Why Serena Williams Is Undeserving of AP's "Female Athlete of the Year" Award

Adithya RamaswamyContributor IDecember 24, 2009

NEW YORK - SEPTEMBER 12:  Serena Williams (L) argues with a line judge during her Women's Singles Semifinal match against Kim Clijsters of Belgium on day thirteen of the 2009 U.S. Open at the USTA Billie Jean King National Tennis Center on September 12, 2009 in the Flushing neighborhood of the Queens borough of New York City.  Clijsters defeated Williams 6-4, 7-5.  (Photo by Julian Finney/Getty Images)
Julian Finney/Getty Images

Earlier this week, Serena Williams was awarded the prestigious honor of best female athlete of 2009.

If we're honest with ourselves, she was probably the best choice, skill-wise.

She won the Australian Open to start off the year, got to the quarterfinals of Roland Garros, won Wimbledon, and got to the semifinals of the US Open.

Moreover, she didn't really have any competition, seeing as the female in second place was Zenyatta, a female horse.

While it is true that Serena probably had the most skill, she is undeserving of the AP's award because of her tirade at the end of her semifinal match against Kim Clijsters at the US Open in Flushing Meadows. In truth, her numerous successes are dubiously overshadowed by the tirade that eventually cost her 80,000 big ones and earned her a probation notice.

To summarize, Serena was down 15-30, 5-6 in the second set of her match with the resurgent Clijsters. Williams missed her first serve, and as she hit her second serve, a vicious kicker to Clijsters’ backhand, the lineswoman to Serena's left called a foot fault.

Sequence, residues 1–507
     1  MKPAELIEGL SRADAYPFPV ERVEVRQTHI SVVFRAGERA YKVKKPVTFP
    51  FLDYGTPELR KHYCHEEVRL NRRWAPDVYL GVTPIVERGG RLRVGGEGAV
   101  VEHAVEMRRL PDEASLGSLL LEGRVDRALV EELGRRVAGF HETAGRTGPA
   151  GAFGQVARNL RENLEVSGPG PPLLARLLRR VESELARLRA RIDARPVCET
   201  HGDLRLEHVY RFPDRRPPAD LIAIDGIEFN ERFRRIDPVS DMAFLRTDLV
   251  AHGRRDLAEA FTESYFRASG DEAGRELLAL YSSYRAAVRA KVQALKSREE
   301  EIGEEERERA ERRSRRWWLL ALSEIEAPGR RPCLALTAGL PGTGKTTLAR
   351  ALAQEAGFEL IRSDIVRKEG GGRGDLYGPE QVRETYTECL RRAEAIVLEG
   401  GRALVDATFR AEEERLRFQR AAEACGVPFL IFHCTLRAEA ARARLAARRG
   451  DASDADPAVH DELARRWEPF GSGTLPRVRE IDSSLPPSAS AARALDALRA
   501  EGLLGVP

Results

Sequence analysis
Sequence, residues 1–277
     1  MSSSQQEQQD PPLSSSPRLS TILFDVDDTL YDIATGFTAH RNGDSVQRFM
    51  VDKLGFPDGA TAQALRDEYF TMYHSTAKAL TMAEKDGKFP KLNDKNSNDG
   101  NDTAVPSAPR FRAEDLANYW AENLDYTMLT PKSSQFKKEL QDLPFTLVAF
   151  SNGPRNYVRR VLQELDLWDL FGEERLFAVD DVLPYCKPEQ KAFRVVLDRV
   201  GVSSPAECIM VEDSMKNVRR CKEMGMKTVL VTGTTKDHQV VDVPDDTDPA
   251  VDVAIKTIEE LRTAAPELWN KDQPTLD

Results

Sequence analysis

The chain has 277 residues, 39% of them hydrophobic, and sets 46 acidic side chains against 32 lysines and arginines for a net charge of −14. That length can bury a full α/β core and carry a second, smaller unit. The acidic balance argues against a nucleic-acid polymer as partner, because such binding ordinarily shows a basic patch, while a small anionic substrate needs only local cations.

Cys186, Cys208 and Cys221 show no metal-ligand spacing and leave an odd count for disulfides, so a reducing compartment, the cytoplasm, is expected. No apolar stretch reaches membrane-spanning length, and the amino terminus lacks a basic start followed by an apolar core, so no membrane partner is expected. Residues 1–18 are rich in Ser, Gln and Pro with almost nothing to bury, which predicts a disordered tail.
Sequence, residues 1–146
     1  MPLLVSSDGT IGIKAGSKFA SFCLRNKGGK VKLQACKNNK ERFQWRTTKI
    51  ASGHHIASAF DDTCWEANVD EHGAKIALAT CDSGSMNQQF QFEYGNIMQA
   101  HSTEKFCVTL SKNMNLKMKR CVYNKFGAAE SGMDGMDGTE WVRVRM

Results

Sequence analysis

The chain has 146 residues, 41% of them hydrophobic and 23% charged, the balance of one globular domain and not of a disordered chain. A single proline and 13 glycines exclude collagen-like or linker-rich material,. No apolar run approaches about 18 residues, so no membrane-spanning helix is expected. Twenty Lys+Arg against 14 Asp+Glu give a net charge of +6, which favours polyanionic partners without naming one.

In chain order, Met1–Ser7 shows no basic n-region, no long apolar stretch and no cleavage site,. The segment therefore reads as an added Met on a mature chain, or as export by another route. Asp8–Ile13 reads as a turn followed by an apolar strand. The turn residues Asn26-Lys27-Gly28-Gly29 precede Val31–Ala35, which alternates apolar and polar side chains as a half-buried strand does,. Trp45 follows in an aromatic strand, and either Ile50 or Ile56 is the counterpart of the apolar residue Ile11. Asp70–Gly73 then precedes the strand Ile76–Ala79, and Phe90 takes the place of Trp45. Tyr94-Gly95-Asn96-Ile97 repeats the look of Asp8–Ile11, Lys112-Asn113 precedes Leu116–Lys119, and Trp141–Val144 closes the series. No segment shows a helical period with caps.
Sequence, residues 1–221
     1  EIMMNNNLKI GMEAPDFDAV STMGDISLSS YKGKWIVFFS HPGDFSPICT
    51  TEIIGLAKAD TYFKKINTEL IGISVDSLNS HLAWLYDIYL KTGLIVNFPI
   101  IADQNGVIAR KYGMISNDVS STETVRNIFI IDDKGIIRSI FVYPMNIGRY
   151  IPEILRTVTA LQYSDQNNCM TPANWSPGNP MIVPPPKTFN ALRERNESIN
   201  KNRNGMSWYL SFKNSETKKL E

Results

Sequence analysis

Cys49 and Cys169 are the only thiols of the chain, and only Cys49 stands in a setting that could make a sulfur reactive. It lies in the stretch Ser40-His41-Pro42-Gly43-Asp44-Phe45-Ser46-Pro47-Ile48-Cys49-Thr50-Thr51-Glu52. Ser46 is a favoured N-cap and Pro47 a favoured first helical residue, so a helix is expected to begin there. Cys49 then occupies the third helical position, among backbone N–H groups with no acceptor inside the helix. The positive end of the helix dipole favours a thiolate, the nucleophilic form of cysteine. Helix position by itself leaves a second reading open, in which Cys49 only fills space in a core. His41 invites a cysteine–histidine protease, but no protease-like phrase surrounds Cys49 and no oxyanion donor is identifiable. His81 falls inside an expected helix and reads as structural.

It seemed as though Serena was going to let it go and focus on the two match points that she now had to defend. But two seconds later, Williams shocked the tennis world by blatantly threatening the comparatively frail lineswoman, shouting that she would "shove [the tennis ball] down [her] throat."

The lineswoman, doing her job, told the umpire, who brought in the tournament director, who in turn had no choice but to give Serena a point penalty. The problem for Serena was that the point penalty was on match point, which gave Clijsters the match, and left Serena with nothing to do but walk out of the stadium to an overwhelming chorus of boos.

Even at this point, people were willing to let it all go if she would just go into the press room and apologize to the lineswoman for her transgressions. But Williams did not; instead, she absolved herself of any responsibility for her actions, saying that she was justified, as the call was incorrect.

That should have put people over the edge, and for most of the general public, it seemed to do so. But the AP obviously thought differently, as Serena won the award by a landslide.

When asked about her win despite her tirade, she said:

"People realize that I'm a great player, and one moment doesn't define a person's career. And I was right, for the most part: It wasn't right the way I reacted—I never said it was—but I was right about the call."

Can you believe that? She has no remorse whatsoever for her actions. She still thinks that she was right and has no responsibility for her actions for what she did.

Whatever her accomplishments of the past year may be, her unacceptable tirade at the US Open overshadows it all, and she is most undeserving of the AP's award for best female athlete of 2009.

Give it to the horse.